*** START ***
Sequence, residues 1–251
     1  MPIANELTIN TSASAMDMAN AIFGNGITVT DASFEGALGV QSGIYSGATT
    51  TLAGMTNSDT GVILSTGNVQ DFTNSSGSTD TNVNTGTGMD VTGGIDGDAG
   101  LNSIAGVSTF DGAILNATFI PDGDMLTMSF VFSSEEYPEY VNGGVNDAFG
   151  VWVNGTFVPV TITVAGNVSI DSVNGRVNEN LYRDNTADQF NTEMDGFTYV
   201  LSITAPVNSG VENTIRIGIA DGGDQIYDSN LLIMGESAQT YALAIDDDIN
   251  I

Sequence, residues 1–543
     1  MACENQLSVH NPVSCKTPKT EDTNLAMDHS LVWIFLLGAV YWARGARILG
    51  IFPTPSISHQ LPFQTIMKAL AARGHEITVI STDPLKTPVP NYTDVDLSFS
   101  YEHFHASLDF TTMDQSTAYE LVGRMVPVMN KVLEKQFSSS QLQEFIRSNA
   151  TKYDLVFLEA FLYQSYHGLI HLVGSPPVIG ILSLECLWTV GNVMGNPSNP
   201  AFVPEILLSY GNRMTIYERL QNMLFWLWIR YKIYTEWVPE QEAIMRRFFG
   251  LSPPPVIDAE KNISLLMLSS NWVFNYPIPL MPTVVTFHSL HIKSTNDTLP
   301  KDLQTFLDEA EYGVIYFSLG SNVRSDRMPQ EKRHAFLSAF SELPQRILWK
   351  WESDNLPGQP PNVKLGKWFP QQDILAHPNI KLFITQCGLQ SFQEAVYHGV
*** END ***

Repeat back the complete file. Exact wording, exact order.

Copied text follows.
Sequence, residues 1–251
     1  MPIANELTIN TSASAMDMAN AIFGNGITVT DASFEGALGV QSGIYSGATT
    51  TLAGMTNSDT GVILSTGNVQ DFTNSSGSTD TNVNTGTGMD VTGGIDGDAG
   101  LNSIAGVSTF DGAILNATFI PDGDMLTMSF VFSSEEYPEY VNGGVNDAFG
   151  VWVNGTFVPV TITVAGNVSI DSVNGRVNEN LYRDNTADQF NTEMDGFTYV
   201  LSITAPVNSG VENTIRIGIA DGGDQIYDSN LLIMGESAQT YALAIDDDIN
   251  I

Sequence, residues 1–543
     1  MACENQLSVH NPVSCKTPKT EDTNLAMDHS LVWIFLLGAV YWARGARILG
    51  IFPTPSISHQ LPFQTIMKAL AARGHEITVI STDPLKTPVP NYTDVDLSFS
   101  YEHFHASLDF TTMDQSTAYE LVGRMVPVMN KVLEKQFSSS QLQEFIRSNA
   151  TKYDLVFLEA FLYQSYHGLI HLVGSPPVIG ILSLECLWTV GNVMGNPSNP
   201  AFVPEILLSY GNRMTIYERL QNMLFWLWIR YKIYTEWVPE QEAIMRRFFG
   251  LSPPPVIDAE KNISLLMLSS NWVFNYPIPL MPTVVTFHSL HIKSTNDTLP
   301  KDLQTFLDEA EYGVIYFSLG SNVRSDRMPQ EKRHAFLSAF SELPQRILWK
   351  WESDNLPGQP PNVKLGKWFP QQDILAHPNI KLFITQCGLQ SFQEAVYHGV